The acting U.S. Attorney for the Western District of Missouri, Matt Whitworth, has been appointed to a U.S. magistrate judgeship, a U.S. district court announced today.
Whitworth will succeed William A. Knox, who will retire in January. Whitworth, a 20-year veteran of the Western District, has led the office since February.
The Western District hit turbulence during the Bush administration.
Former U.S. Attorney Todd Graves was one of the nine prosecutors fired by the Bush administration. Graves was replaced by Bradley Schlozman, the controversial former Civil Rights Division official who served as interim U.S. Attorney until 2007. (Attorney General Eric Holder recently decided not to prosecute Schlozman for giving misleading testimony to Congress about partisan hiring decisions at the DOJ. Click here to read our story.) Schlozman was succeeded by John F. Wood, who resigned in February after President Obama took office.
Obama has yet to nominate a new U.S. Attorney to lead the office. Patrick McInerney, a Kansas City, Mo. lawyer with Husch Blackwell Sanders, and Cole County Circuit Judge Richard Callahan are possible candidates for the job, according to the Kansas City Business Journal.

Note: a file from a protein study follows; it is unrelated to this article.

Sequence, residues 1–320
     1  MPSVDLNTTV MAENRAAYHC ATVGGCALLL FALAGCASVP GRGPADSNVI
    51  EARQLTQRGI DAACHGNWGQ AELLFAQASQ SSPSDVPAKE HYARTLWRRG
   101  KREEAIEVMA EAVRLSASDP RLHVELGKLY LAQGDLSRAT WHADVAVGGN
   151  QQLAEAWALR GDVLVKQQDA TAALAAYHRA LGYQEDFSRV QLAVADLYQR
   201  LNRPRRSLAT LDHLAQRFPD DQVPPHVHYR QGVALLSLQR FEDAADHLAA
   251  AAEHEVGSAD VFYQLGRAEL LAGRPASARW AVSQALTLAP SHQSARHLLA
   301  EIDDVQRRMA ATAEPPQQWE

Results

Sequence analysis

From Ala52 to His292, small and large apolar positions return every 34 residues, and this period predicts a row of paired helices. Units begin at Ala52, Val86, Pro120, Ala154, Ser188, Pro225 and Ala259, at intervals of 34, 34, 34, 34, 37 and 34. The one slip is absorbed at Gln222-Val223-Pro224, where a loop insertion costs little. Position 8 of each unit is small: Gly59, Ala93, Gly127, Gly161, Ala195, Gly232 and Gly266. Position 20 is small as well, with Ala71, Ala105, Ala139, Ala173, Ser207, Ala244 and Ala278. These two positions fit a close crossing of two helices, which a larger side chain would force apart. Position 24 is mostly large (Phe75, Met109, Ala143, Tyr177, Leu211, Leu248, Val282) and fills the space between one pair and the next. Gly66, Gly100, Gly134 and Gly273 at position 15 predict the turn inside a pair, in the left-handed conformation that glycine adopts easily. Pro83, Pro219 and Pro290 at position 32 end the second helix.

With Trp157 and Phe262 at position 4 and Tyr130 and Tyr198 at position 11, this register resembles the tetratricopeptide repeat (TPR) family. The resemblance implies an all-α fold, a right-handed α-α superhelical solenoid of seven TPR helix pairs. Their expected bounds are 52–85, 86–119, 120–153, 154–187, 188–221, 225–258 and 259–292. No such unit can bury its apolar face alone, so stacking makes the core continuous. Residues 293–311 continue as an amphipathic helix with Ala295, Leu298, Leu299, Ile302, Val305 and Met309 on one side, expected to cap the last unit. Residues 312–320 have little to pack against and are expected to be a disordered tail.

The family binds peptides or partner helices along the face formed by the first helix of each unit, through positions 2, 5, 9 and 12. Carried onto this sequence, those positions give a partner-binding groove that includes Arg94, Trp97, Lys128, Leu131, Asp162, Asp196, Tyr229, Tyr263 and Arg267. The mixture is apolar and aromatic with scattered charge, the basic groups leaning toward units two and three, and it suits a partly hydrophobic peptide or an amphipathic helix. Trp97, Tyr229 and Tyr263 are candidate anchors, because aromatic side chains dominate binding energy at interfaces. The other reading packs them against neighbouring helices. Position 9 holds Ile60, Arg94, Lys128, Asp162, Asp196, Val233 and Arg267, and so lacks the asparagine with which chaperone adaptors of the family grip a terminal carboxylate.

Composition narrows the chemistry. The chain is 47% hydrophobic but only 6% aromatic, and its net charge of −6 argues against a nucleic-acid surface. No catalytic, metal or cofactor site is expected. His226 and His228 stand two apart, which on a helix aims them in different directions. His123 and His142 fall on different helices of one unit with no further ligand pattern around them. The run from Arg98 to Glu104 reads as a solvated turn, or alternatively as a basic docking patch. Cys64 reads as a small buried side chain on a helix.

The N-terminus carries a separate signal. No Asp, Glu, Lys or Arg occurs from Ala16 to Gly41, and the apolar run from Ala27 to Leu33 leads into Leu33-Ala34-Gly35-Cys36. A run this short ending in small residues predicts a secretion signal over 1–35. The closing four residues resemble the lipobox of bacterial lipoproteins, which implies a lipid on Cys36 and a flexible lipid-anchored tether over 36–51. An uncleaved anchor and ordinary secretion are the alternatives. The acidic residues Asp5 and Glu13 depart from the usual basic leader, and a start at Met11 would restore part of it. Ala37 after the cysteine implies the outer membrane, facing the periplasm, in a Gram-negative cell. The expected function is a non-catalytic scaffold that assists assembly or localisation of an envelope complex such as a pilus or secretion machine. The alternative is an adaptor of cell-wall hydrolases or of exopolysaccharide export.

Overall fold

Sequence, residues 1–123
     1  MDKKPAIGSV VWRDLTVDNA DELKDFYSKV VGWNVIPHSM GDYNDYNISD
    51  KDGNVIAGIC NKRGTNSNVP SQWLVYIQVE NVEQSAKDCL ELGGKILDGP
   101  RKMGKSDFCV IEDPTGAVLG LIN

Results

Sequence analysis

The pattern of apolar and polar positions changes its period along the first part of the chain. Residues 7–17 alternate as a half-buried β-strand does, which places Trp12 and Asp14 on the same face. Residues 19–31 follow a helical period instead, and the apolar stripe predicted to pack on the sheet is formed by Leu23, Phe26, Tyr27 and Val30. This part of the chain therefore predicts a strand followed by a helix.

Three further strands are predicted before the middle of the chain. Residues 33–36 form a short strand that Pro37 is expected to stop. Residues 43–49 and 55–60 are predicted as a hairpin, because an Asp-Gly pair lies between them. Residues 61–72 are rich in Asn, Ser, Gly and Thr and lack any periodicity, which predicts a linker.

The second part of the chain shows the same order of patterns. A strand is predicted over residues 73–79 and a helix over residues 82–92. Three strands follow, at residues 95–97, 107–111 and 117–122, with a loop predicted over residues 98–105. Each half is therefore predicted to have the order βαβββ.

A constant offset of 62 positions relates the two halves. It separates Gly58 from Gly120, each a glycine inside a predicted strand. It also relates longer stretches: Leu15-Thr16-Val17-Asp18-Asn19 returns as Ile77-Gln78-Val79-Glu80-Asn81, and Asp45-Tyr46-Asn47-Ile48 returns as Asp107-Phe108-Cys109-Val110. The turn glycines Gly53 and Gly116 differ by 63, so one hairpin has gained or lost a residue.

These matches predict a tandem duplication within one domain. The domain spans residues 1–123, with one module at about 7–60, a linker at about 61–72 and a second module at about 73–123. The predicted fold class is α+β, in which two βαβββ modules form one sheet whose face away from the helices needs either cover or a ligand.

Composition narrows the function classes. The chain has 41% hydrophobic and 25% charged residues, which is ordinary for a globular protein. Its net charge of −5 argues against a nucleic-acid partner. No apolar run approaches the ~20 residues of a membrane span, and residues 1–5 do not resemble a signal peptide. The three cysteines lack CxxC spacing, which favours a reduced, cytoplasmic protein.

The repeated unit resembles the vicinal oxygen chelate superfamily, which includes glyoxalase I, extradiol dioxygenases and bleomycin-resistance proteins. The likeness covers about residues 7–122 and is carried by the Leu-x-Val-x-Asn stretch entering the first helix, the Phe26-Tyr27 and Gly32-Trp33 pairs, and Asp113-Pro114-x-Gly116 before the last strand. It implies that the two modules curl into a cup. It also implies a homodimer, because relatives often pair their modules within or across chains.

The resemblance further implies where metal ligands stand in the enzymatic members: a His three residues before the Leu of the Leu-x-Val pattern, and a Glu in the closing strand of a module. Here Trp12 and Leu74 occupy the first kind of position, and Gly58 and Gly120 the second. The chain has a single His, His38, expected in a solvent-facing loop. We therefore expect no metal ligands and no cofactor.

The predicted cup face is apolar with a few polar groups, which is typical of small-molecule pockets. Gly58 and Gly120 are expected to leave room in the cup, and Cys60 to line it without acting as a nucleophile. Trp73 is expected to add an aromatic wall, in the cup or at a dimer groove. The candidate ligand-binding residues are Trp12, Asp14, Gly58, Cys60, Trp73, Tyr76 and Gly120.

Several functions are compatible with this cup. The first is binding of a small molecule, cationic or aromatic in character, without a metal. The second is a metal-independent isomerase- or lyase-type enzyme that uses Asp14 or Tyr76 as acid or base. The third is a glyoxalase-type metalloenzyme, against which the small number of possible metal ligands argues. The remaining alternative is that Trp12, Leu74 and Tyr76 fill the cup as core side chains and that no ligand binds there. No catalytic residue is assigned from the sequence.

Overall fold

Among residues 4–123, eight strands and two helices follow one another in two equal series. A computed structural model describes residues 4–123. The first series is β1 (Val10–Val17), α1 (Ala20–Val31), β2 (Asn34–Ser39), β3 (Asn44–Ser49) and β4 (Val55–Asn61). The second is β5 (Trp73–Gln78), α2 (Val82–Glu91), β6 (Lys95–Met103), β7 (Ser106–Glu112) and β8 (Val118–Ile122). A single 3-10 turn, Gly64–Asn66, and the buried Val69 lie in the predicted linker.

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Justice Department prosecutors used the Racketeer Influenced and Corrupt Organizations Act for the first time to bring charges against alleged human traffickers in the United States, The Associated Press reported Sunday night.
The Western District of Missouri U.S. Attorney’s Office handed down in May a 45-count indictment, which accuses eight Uzbekistan nationals and four others of turning foreign workers into slaves, according to The AP. The workers were allegedly forced into housekeeping jobs and required to live with other laborers in cramped apartments with high rents, the news wire reported. A trial date hasn’t been set, according to The AP.
RICO, which is usually associated with mafia cases, was amended in 1995 to include language that addresses slavery. Those convicted of racketeering could face up to 25 years in prison and a $250,000 fine.
The charge of fraud in foreign labor contracting was also used for the first time since it was added to the 2000 Trafficking Victims Protections Act last year, according to The AP. The Trafficking Victims Protections Act was the first bill to comprehensively prosecute human traffickers when it became law.
Acting U.S. Attorney Matt Whitworth told The AP that the Bush administration started to pay significant attention to human trafficking after the passage of the Trafficking Victims Protection Act, but the Obama administration has gone further.
“(Attorney General) Eric Holder is encouraging U.S. Attorneys offices to pursue these cases and has shown a great deal of interest in more and more of this type of prosecution,” Whitworth said. “I think we’re making an impact, and the Department of Justice is encouraging us to do that.”